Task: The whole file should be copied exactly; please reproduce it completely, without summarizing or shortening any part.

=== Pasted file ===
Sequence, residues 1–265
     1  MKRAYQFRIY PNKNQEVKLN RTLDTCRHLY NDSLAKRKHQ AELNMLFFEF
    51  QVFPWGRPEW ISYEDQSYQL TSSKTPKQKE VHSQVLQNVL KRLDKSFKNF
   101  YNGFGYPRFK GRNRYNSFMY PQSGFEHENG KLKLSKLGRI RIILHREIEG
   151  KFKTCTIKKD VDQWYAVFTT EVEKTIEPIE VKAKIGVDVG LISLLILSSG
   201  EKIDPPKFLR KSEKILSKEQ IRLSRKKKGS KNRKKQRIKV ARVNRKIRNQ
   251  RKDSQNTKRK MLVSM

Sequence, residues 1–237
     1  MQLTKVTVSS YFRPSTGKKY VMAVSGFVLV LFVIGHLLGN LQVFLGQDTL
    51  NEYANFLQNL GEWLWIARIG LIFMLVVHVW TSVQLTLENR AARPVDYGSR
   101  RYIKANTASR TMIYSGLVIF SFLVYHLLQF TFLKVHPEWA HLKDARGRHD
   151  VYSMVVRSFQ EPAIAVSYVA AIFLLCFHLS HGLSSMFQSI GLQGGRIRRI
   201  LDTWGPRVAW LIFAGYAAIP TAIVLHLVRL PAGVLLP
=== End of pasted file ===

Sequence, residues 1–265
     1  MKRAYQFRIY PNKNQEVKLN RTLDTCRHLY NDSLAKRKHQ AELNMLFFEF
    51  QVFPWGRPEW ISYEDQSYQL TSSKTPKQKE VHSQVLQNVL KRLDKSFKNF
   101  YNGFGYPRFK GRNRYNSFMY PQSGFEHENG KLKLSKLGRI RIILHREIEG
   151  KFKTCTIKKD VDQWYAVFTT EVEKTIEPIE VKAKIGVDVG LISLLILSSG
   201  EKIDPPKFLR KSEKILSKEQ IRLSRKKKGS KNRKKQRIKV ARVNRKIRNQ
   251  RKDSQNTKRK MLVSM

Sequence, residues 1–237
     1  MQLTKVTVSS YFRPSTGKKY VMAVSGFVLV LFVIGHLLGN LQVFLGQDTL
    51  NEYANFLQNL GEWLWIARIG LIFMLVVHVW TSVQLTLENR AARPVDYGSR
   101  RYIKANTASR TMIYSGLVIF SFLVYHLLQF TFLKVHPEWA HLKDARGRHD
   151  VYSMVVRSFQ EPAIAVSYVA AIFLLCFHLS HGLSSMFQSI GLQGGRIRRI
   201  LDTWGPRVAW LIFAGYAAIP TAIVLHLVRL PAGVLLP